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Call or papers: Workshop on Social Object Networks - SocialObjects 2011

From: Harith Alani <h.alani@open.ac.uk>
Date: Sun, 5 Jun 2011 21:28:43 +0100
Message-Id: <F0022164-9534-4718-A7A5-3119AFB4ECC3@open.ac.uk>
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1st International Workshop on Social Object Networks (SocialObjects 2011)

               Collocated with 3rd International Conference on Social Computing
                             Boston, US.   http://www.iisocialcom.org/conference/

*Important dates*
Papers due: 5th August 2011
Notification of acceptance: 22nd August 2011
The Web has become the de facto space where we run many of our daily activities, such as shopping, reading news and books, listening to music, watching videos, sharing our views on current topics and objects, connecting and chatting to friends, etc. The availability of such activities in a digital form has been fueling social-network related research and development for decades, where such social connections are abstracted to large networks of nodes (i.e., people) and edges (i.e., types of social connections), and then exploited in various ways and for various purposes, such as for web science, consumer analysis, business intelligence, and targeted marketing, to name just a few.
The nuclei of most of these social networks are "Social Objects"; which are the objects around which people interact. Examples of such social objects include pictures on Flickr, songs on Last.fm, tags on Delicious, places on Foursquare, posts on Twitter, goods on Amazon, etc. Hence anything that allows people to connect, whether directly or indirectly, can be regarded as a social object, and can produce a social network graph. The different examples convey the breadth of object types around which we interact with others on a regular basis.
Most current works, however, seem to flatten such multi-dimensional networks, where the social objects are often left out of the networks and analysis, and replaced with direct edges between the people in question (e.g. people who watched the same film on Netflix are represented as two directly connected nodes in a graph).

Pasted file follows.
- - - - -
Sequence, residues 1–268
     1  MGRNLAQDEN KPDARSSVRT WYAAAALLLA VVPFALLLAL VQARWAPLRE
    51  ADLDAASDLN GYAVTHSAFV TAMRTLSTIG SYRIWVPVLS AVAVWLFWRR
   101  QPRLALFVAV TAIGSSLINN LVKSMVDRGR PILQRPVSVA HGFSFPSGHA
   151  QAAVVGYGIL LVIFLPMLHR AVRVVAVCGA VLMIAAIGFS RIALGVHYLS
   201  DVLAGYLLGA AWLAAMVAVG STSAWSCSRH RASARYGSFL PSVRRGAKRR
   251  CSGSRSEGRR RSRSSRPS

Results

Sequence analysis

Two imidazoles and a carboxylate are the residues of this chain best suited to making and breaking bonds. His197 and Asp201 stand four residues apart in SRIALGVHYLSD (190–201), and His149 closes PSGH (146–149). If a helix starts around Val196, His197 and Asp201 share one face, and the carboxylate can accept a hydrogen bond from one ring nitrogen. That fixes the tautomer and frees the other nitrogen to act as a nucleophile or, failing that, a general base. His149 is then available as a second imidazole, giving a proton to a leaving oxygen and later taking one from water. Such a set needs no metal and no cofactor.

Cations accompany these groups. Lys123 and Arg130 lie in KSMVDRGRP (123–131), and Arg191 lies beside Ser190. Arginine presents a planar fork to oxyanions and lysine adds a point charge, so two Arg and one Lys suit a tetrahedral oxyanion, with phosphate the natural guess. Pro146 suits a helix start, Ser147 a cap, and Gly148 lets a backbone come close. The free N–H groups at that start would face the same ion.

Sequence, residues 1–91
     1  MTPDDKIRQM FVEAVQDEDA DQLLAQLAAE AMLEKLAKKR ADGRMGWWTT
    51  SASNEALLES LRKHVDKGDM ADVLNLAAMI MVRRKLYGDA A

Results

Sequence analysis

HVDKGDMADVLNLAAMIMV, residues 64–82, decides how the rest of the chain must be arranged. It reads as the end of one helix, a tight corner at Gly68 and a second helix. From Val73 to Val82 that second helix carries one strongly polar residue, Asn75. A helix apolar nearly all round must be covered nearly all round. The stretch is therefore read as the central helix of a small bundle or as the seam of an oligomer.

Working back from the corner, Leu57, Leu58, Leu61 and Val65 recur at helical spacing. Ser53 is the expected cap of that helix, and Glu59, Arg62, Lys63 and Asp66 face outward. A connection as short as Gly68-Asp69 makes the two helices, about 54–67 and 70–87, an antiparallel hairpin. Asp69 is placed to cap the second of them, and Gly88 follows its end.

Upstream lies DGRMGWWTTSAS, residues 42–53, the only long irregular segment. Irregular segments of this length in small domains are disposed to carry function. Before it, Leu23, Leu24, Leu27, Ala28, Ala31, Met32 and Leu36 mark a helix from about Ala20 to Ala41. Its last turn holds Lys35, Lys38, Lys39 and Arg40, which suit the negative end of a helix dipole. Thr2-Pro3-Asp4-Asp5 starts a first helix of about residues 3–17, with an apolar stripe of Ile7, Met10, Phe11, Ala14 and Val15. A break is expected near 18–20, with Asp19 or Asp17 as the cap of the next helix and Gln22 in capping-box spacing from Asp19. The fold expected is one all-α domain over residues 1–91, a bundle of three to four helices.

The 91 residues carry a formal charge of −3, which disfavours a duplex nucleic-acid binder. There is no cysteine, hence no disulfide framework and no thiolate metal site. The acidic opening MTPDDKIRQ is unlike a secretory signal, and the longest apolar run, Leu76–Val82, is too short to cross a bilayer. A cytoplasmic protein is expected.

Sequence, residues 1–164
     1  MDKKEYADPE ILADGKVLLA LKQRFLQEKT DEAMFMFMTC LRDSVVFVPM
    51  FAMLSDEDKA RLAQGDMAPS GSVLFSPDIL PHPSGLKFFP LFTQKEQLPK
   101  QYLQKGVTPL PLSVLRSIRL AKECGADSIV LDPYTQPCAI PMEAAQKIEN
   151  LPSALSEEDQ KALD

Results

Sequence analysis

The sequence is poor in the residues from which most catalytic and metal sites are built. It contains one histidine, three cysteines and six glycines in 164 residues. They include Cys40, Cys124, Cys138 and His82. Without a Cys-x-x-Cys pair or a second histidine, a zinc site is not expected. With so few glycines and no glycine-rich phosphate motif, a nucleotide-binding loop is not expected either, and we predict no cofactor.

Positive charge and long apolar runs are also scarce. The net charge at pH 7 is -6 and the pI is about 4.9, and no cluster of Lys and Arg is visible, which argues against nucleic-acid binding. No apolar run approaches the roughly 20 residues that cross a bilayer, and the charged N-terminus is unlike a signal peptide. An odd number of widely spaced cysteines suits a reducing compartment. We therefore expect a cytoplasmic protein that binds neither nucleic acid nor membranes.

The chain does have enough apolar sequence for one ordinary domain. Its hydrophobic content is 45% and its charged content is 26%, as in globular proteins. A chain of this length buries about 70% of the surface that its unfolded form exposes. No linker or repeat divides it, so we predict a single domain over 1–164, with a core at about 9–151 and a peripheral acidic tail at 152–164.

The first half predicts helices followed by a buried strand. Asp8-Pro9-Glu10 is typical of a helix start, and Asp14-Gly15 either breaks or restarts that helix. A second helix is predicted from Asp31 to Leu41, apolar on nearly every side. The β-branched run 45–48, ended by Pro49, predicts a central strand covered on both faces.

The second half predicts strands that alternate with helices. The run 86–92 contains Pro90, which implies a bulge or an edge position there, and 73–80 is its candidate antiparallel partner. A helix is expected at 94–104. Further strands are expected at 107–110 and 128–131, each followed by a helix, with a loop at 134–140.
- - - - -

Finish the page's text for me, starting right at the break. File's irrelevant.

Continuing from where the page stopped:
With more social networking sites becoming more open (e.g. through APIs, exportable profiles, 3rd party applications), it is now possible to generate very rich cross-community social networks that capture social connections in many different forms and around many different social objects. This raises a series of new questions and research challenges that this workshop is trying to highlight, such as:
What impact do the type and properties of a social object have on the particular social connection it generates?
How do social connections and networks around heterogeneous social objects compare in terms of their dynamics and transitivity?
What are the risks and opportunities associated with acquiring such multiple dimensional graphs?
What technical challenges exist for	acquiring, representing and analyzing such social-object centered networks?
What new knowledge can be extracted from such rich object-centered social networks?
How can social connections and interactions around specific social objects be fostered and exploited more intelligently for commercial and scientific purposes?
What kind of new services and applications do knowledge captured through social objects networks enable?
How do social object networks impact privacy of individuals and groups?
*Topics of interest*
 Topics of interest include, but are not limited to:
Typology and representation of social objects
Generation and analysis of objects centered networks
Dynamics and patterns of social networks with different social objects
Properties of social objects: value as social connectors, forms of social connections they enable, longevity of their social connections, etc.
Social objects as connectors between cross-domain social networks/communities
Semantics of social objects-based links
Characteristics of social interactions w.r.t type and properties of object
Building interaction profiles around social objects
Identifying interests and social connections through social objects
Privacy and ethical issues to do with social object networks acquisition and analysis
Augmentation of social object knowledge based on social interactions
We invite two main types of contributions: short papers (max. 6 pages) and posters (max. 2 pages). Both types of contributions could be new research ideas, position statements, critiques of existing approaches, or experiment reports.
Organizing committee

Jérôme Picault, Bell Labs, Alcatel-Lucent, France
Myriam Ribière, Bell Labs, Alcatel-Lucent, France
Iván Cantador, Universidad Autónoma de Madrid, Spain
Harith Alani, Knowledge Media Institute, The Open University, UK

The Open University is incorporated by Royal Charter (RC 000391), an exempt charity in England & Wales and a charity registered in Scotland (SC 038302).
Received on Sunday, 5 June 2011 20:30:09 UTC

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